I. We are all conscious of the possibility of a freedom which should have nothing in it either of comfort or honour. (1) "Free among the dead" will have no cheerful sound if it be taken to mean, as probably the psalmist meant it, cast out of the sight of God, forsaken by the Divine superintendence, left to shift for himself in a world of shadowy forms and unsubstantial existences. Such freedom would be worse than any bondage. (2) There is a freedom, akin to the former, which is the loss of all employment and society, some one else filling your place and discharging your duties because an incurable sickness has stricken you, and that idleness which is the paradise of the dunce or the fool is put upon you, without and against your will, for the welfare of others, by the visitation of God. If this was the freedom of the dead as nature or fancy painted it to the psalmist, can we wonder that he used it as the synonym rather of misery than of repose?
II. Read now in the light of Jesus Christ, what shall the text become? (1) "He that is dead is freed from sin." Free among the dead is, first and above all, free from sin. (2) Jesus Christ said, "I have a baptism to be baptized with, and how am I straitened till it be accomplished." The word "straitened" is the direct opposite of this "free among the dead." Freedom among the dead was His emancipation from the "straitness" of earth. We, too, may make the words our comfort as we think of the departed, and our hope in the anticipation of a state which shall be our own.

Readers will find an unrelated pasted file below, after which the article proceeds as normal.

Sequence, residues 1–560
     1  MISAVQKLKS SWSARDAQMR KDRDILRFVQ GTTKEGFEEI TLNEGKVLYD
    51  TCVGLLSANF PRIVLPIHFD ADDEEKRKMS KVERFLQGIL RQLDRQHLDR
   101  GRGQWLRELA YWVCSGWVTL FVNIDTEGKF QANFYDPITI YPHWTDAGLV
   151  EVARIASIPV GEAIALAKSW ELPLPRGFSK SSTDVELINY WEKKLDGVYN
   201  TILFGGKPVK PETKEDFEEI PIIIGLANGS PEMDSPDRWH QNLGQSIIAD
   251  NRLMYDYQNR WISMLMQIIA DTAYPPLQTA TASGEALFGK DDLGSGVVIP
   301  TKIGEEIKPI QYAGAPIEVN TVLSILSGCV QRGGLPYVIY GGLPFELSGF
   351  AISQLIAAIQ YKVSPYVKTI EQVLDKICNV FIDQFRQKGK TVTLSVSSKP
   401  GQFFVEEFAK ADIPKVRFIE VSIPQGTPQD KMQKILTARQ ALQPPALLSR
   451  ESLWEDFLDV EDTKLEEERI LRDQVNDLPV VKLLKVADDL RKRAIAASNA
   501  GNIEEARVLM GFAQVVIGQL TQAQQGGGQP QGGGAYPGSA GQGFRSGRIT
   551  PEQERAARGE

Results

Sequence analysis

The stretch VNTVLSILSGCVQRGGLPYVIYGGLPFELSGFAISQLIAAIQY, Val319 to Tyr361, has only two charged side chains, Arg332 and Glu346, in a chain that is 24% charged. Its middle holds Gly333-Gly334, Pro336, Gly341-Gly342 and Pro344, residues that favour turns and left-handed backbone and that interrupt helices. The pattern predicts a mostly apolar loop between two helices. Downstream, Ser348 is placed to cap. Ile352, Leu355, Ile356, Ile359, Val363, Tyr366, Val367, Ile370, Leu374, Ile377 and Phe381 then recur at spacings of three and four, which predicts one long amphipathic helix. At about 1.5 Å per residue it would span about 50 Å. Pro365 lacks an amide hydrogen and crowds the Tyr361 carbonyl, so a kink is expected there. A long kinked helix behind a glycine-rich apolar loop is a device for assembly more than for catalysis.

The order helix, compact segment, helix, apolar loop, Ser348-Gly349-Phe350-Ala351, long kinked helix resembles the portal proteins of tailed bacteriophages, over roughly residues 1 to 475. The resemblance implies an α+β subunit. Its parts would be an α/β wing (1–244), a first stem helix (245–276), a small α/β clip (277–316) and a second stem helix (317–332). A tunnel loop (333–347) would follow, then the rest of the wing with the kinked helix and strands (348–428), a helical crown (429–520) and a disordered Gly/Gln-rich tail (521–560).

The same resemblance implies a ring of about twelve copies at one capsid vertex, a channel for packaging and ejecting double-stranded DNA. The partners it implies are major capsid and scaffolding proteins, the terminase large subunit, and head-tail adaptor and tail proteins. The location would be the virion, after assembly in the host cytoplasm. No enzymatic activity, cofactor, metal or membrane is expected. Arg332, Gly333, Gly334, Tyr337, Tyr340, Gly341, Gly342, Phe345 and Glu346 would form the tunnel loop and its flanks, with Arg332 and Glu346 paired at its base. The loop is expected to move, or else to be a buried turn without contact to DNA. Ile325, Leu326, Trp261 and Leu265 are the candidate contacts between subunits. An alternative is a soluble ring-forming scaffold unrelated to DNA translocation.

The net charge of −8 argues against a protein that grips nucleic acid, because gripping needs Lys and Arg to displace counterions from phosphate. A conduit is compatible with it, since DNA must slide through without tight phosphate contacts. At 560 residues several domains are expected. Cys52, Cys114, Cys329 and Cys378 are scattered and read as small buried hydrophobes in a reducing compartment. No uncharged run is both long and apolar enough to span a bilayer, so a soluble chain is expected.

C. J. Vaughan, Temple Sermons, p. 288.
What is it that the psalmist declares of himself in these words but that God's judgments have always and habitually possessed his mind; that the fear of them has hung like a weight upon him; that even from his youth it has been present with him? If we look into any books of prayers or meditations of good men, the same feeling presents itself; we meet with expressions of sorrow and uneasiness under the consciousness of sin, as if sin were an evil no less real to them than we would conceive of some severe and continued bodily pain. It is this feeling which appears to me to be so commonly wanting amongst us.
I. The feeling of thinking lightly of sin is one of the evils which seem to accompany naturally what is called a state of high civilisation. As all things about us are softened, so are our judgments of our own souls.
II. We all fancy that if we were to commit any great crime, we should feel it very deeply, that we should be at once ashamed and afraid and should be dreading God's judgments. As it is our faults are mostly in what we call little things; that is, in things which human law would scarcely punish at all, and which do not produce serious worldly loss or suffering to any one. We seem to fancy that in God's sight the actions of our lives are blank; that they are things altogether too trifling for Him to notice; that He does not regard them at all.